Thirty-One Love Songs
To celebrate the upcoming collected stories concert series curated by David Lang at Carnegie Hall (April 22-29), we’ll be posting pieces from past issues of the Believer that tie into with the themes of each show. The third concert in collected stories is Love/Loss, featuring The Uncluded (Aesop Rock and Kimya Dawson), Nico Muhly, Sam Amidon, Iarla Ó Lionáird, and Nadia Sirota, for which we’re posting Rick Moody’s essay on 69 Love Songs (from the May 2003 issue of the Believer).
REDACTING THE MAGNETIC FIELDS’S 69 LOVE SONGS UNTIL THEY SPEAK FULLY AND PERSONALLY TO THE EAR OF THE BEHOLDER
DISCUSSED: Guys Who Winnow the White Album, Neil Young, The Art of Courtly Love, Trademark Pauses, Philadelphia, Singing Homeless Guys, Gilbert and Sullivan, The Human League
It’s the fate of the good work to belong to the public. It’s the fate of the masterpiece to be bent out of shape, to be reimagined, remodeled by its audience. It’s the fate of popular art to be scoured for clues, understood only in part or misunderstood, and this can’t be controlled by the hardworking artist who came up with the work in the first place. The way a book or record or painting or movie thrives in the face of this barrage of refractions indicates its long-term durability. Those endless new translations of The Odyssey and The Divine Comedy, for example. Or what about the film version of The Virgin Suicides,or The Hours?“The Star-Spangled Banner,” wrenched out of its casing by Jimi Hendrix. Joni Mitchell singing Mingus. If something works, it can stand a little misuse.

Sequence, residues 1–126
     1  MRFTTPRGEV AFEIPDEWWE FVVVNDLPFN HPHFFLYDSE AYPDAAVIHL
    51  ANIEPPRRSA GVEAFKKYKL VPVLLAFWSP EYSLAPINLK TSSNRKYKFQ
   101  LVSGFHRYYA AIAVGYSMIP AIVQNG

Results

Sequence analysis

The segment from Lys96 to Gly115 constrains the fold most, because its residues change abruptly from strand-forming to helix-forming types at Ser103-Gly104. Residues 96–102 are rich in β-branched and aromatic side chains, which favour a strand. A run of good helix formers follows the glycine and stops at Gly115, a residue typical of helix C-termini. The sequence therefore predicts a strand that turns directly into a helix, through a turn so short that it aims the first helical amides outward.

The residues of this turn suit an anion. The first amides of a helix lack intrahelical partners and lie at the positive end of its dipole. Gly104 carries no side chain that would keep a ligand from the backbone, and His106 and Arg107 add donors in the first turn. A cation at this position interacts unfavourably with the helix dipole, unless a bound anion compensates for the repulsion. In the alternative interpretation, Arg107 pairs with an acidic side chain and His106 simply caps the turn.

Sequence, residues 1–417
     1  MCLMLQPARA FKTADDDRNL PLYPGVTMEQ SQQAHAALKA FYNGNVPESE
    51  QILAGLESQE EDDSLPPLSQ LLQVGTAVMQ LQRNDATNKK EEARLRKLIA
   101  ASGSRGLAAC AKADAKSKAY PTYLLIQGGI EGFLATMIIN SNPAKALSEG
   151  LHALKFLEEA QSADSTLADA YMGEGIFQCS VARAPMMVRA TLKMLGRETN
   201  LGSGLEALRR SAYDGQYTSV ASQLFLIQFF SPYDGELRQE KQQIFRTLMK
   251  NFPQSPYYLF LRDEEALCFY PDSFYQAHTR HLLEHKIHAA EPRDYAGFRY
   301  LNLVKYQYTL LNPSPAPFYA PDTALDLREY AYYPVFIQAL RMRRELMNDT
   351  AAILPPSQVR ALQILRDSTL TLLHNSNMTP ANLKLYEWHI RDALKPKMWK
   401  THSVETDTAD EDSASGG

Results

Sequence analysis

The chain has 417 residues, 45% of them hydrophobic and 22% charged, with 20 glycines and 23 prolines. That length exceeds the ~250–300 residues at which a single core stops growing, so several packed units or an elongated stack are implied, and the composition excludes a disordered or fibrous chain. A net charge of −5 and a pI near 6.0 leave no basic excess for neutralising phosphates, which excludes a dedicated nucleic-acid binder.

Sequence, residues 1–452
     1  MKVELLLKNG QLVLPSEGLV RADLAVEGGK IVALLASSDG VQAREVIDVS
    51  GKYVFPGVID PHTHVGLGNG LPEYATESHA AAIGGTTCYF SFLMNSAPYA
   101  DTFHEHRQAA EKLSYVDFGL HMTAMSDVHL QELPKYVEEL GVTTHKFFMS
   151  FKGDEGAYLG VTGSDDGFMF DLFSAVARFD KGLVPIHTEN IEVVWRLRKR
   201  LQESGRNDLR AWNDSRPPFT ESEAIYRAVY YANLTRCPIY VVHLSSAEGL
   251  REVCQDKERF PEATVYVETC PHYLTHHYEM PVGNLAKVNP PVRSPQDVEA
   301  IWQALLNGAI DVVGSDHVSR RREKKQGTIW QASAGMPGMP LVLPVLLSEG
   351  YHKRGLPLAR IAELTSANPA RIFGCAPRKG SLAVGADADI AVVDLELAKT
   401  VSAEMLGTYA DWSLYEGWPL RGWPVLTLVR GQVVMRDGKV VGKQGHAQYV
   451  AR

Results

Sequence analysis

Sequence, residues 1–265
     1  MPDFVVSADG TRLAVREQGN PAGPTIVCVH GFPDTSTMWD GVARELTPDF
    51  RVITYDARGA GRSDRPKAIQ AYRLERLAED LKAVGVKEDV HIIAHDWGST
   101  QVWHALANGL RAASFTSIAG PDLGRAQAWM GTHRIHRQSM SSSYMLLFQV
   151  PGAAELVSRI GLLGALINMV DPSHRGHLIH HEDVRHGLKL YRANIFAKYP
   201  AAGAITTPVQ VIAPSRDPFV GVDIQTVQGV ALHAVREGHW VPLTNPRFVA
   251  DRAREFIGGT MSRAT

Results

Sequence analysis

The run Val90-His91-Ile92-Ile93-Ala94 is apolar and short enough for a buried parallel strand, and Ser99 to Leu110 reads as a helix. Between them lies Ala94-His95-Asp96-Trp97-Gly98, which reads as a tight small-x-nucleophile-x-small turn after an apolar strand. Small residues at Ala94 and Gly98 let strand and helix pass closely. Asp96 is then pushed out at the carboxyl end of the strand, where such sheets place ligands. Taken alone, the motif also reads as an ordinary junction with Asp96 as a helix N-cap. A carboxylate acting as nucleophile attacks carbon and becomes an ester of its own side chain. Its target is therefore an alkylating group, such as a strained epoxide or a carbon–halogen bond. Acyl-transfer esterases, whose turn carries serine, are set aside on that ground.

What about all those guys, and they are mainly guys, who have sat around winnowing The White Album down to a single disc? Well, first you get rid of “Revolution 9,” because it’s too long and too abstract, and then you get rid of “Ob-La-Di, Ob-La-Da,” despite the fact that one admires McCartney more as one grows older; out with “Bungalow Bill,” out with “Honey Pie,” “Martha My Dear,” because it’s about a dog, etc. Before long, you are left with a record that has on it “Dear Prudence,” “Julia,” “Happiness Is a Warm Gun,” “Why Don’t We Do It in the Road?,” “While My Guitar Gently Weeps,” “Helter Skelter,” “Birthday,” “Everybody’s Got Something to Hide (Except for Me and My Monkey),” “Cry Baby Cry,” “Yer Blues,” and so forth. In short, you’ve got an unbelievably great rock and roll album. Does it do the Beatlesa disservice? On the contrary. It indicates the bounty of material from which to choose. This is how some people pass an afternoon.